Mr. & Mrs. Moore
When I arrived home from Eastern MT almost two weeks ago, things around our neck of the woods were pretty quite. The streets of West Yellowstone were vacant and snow covered. My life, however, was just revving up and the things to do list was quite long for this time of the year. There still is a little more wood to cut, there was an elk to kill, feathers to pluck, birds to clean, photos and video to download, guns to oil and a wedding. Our wedding to be exact. Fishing was on my mind as well, but I wasn’t sure it would be warm enough to even think about.
The rings – the symbol of eternity…….
Our wedding was wonderful. Super small and simple – just the way we wanted it. After the nuptials and saying goodbye to our family, we headed to Chico Hot Springs for two nights of fantastic food, a little skiing in Yellowstone NP and a several bloody marys around the pool.
Dragged and loaded…time for a beer. Thanks Mike and B!!
The day we got back from the wedding, I went elk hunting. I like the odds with a rifle, but finding the elk this time of the year can be a little tough. Since the bugle season is over, elk rarely talk. If they are talking, it is because they heard you walking through the crunchy snow and have barked – alerting the others to run like hell. B and I got up the next morning and got after it again. This time we got close, but once again the elk gave us the slip and kept enough distance between us to yield no shots through the thick forest. We tracked them for another hour or so and decided to call it day. B dropped me off at my rig and we went home to check on his winter job. I ate lunch, took a nap, and got back after elk hunting in the afternoon. I found the tracks on the other side of the creek and followed them for a mile or so through the woods…..thick woods that is. I went slow, glassing the woods for movement of elk – maybe I would catch a glimpse of a leg or possibly a set of antlers from a sleeping bull. As I crept through the woods, I noticed that the elk tracks started to peel off from one another signaling that they might be relaxing and eating their way through the forest. I slowed my pace way down and used the binocs more often. I came to an opening in the trees and by opening, I mean there were only 500 hundred trees infront of me instead of 2000. I glassed forward and then got the vibe. The same vibe that I feel when an angler in the boat is about to hook a fish. Anyway, I looked uphill and spotted a cow elk feeding at 75 yards, quartering towards me. Without missing a step, I shouldered my 300 Win Mag, put the crosshairs on the spot and pulled the trigger. As most folks know, a 300 Win Mag is loud as hell, but in that moment, I didn’t even hear the gun go off. The cow elk hit the ground, got up, walked about 30 feet and dropped. It was 4:15 pm and the sun was setting. For some reason I didnt have my headlamp, which is worth it’s weight in gold when afield, so I had to drive back to the house in order to finish gutting the animal. I returned with my neighbor, who was yielding a 12 ga and another headlamp to finish what I had started. Once gutted, we left her for the night to cool off the in snow and single digit temperatures.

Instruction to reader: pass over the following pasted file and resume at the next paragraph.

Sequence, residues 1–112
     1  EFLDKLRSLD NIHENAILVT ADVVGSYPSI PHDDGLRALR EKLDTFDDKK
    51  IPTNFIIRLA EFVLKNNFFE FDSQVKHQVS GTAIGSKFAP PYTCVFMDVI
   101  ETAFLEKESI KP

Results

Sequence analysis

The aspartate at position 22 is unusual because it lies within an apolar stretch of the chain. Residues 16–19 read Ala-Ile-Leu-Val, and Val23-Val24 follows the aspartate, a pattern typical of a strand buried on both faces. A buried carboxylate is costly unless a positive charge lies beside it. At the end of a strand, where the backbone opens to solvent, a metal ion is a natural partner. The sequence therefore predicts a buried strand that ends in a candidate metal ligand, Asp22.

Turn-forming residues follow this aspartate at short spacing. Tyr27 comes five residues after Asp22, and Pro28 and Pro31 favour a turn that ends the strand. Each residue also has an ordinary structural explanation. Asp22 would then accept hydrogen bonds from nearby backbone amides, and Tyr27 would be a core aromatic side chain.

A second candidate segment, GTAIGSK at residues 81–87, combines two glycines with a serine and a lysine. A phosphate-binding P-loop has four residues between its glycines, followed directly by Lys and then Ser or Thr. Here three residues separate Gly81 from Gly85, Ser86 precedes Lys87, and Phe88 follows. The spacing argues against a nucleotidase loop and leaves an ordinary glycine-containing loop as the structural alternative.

As for the fishing: the Madison is in great shape and with the warmer daytime temps of the past week, there has been some quality fishing. Streamers and nymphs are king, but look for the subtle risers in the slicks. I plan on fishing one of these days for myself, but hunting has taken priority.